A few folks have been asking if it is possible to serialize/deserialize using the DataContractSerializer. Rest assured, yes it is possible. Now whether or not it is the easiest/most intuitive model well that it is a different question. Winking smile

If you read to the end the post you will see a bunch of extensions which have been pushed to webapicontrib and make this all MUCH easier (at least I think). If you don’t jump you’ll read below what you need to do if you do it yourself.

It stars with the SetSerializer<T> method which is expose on the XmlMediaTypeFormatter. You can call this method and pass a DataContractSerializer for T. That tells the formatter use this serializer not the default. You need to give it the exact information, for example if you are returning List<Contact> then make T List<Contact> NOT T. If you want to support both, you need to register both.

To allow you to get to the formatter, the MediaTypeFormatterCollection exposes an XmlFormatter property. You might now be thinking, “Oh that’s easy, but how do I get a hold of the formatter collection?”

Good question. It depends on whether you are on the server or on the client.

On the Server

The easiest way to configure things on the server is to annotate your service/resource with a [DataContractFormat] attribute. Once you do then we will automatically use the DataContractSerializer.

If you do not want to annotate your service, the alternative option is to do it in code. If you are using HttpHostConfiguration you can get to the formatters by accessing the OperationHandlerFactory property on the config class. If you are using the fluent API, you’ll want to cast to HttpHostConfiguration in order to access it. For example see the code below

var config = new HttpHostConfiguration();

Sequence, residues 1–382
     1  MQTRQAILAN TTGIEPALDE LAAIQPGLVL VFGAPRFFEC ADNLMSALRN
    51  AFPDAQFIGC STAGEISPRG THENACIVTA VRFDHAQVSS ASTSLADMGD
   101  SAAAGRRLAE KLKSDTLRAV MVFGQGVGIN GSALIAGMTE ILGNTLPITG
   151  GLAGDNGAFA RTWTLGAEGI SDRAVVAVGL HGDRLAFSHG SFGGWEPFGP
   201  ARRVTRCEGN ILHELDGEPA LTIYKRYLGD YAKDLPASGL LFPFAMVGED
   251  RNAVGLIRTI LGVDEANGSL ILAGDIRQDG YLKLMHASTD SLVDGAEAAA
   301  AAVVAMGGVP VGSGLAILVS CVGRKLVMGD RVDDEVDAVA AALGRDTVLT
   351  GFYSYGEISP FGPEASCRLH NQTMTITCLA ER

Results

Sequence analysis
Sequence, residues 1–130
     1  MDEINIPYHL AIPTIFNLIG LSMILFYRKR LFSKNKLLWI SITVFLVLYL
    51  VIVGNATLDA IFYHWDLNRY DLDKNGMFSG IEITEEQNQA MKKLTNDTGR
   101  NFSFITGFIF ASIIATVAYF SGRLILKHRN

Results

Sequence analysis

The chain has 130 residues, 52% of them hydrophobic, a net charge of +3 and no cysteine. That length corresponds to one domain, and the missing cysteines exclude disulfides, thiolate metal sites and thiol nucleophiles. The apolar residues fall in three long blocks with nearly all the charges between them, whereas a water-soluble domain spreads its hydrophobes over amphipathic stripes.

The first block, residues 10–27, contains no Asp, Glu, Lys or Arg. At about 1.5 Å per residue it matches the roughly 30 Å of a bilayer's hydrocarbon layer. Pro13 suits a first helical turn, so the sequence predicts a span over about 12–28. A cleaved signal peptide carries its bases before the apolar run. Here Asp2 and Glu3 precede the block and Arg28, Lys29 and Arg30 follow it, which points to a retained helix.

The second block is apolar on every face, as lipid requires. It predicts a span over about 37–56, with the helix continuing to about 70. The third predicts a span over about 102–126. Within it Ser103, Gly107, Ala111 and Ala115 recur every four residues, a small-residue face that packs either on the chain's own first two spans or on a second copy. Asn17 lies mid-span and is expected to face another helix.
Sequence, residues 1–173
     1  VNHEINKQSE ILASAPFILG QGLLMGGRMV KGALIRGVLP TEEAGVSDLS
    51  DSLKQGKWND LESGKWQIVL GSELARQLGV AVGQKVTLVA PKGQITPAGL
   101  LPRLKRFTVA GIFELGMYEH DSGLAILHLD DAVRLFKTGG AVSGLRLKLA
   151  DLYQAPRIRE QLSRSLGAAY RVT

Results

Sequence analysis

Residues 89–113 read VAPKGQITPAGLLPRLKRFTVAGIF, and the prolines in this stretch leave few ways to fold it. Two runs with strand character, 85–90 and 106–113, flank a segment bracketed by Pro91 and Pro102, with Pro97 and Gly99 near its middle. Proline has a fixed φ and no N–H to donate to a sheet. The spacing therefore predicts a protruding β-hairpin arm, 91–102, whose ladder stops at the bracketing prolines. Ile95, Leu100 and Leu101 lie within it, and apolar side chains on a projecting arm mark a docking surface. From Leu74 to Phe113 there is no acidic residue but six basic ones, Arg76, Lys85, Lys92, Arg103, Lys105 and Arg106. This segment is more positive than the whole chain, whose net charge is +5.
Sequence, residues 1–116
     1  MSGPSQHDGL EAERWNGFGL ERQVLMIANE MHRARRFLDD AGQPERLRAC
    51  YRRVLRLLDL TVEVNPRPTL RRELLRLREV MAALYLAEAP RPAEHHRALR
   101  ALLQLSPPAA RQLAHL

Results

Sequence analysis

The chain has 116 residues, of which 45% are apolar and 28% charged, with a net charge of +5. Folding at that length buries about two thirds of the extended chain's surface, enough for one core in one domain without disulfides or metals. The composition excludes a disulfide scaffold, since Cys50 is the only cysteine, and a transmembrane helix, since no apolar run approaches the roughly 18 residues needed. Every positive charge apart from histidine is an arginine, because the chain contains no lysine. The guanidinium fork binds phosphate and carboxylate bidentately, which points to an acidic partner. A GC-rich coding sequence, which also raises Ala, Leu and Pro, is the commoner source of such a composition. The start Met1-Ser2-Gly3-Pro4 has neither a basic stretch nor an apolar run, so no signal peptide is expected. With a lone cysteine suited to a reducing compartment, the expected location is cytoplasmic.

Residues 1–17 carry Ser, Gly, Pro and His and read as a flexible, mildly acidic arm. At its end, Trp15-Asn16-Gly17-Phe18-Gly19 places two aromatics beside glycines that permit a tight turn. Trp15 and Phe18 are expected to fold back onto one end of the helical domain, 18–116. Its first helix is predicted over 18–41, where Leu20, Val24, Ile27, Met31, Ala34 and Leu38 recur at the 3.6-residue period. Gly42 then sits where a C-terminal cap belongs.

var formatter = OperationHandlerFactory.XmlFormatter;
formatter.SetSerializer<Contact>(
  new DataContractSerializer(typeof(Contact)));
formatter.SetSerializer<List<Contact>>(
  new DataContractSerializer(typeof(List<Contact>)));

The code above is setting the formatter to use the DCS for Contact and List<Contact> both for reading and writing.

On the client

On the client side how you configure depends on if you are reading or writing. In either case both steps involve calling SetSerializer<T> on the XmlMediaTypeFormatter.

For reading you will create the formatter and pass it to the ReadAs<T> method of the HttpContent which is accessed off of the Content property on HttpResponseMessage.

var formatter = new XmlMediaTypeFormatter();
formatter.SetSerializer<List<Contact>>>(
  new DataContractSerializer(typeof(List<Contact>))));
var contact = response.Content.ReadAs<T>(
  new List<MediaTypeFormatter> { formatter });

If you are writing to the request, you will access the formatters collection on the ObjectContent<T> instance.

var content = new ObjectContent<Contact>();
content.Formatters.SetSerializer<Contact>(
  new DataContractSerializer(typeof(Contact)));
client.Post(content);

New extension methods in webapicontrib to make life easier

Now that we’ve seen how you can do it, we can wrap this up in a bunch of helper extension methods and life gets a whole lot easier. I did that and pushed them to webapicontrib Winking smile

Check the code below from the new DataContractExample in webapicontrib.

var config = HttpHostConfiguration.Create();
config.UseDataContractSerializer<Contact>();
var host = new HttpConfigurableServiceHost<ContactsResource>(
  config, new Uri("http://localhost:8080/"));
host.Open();
var client = new HttpClient("http://localhost:8080/");
var newContact = new Contact {FirstName = "Brad", LastName = "Abrams"};
var content = new ObjectContent<Contact>(newContact,
  "application/xml").UseDataContractSerializer();
var response = client.Post("contacts", content);
response = client.Get("contacts");
var contacts = response.Content.ReadAsDataContract<Contact[]>();
foreach (var contact in contacts)
{
  Console.WriteLine(string.Format(
    "Contact: FirstName={0}, LastName={1}", 
    contact.FirstName, contact.LastName));
}
Console.ReadLine();

I’ve highlighted the important parts

  1. UseDataContractSerializer<T> on the config will set the formatter to serialize T using DCS. In order to make life easier the extension method also registers for List<T> and T[].
  2. For reading on the client call the ReadAsDataContract<T> extension method on HttpContent.
  3. For writing on the client create an ObjectContent<T> instance and call the UseDataContractSerializer() extension metho

Download the bits in wcfwebapi contrib here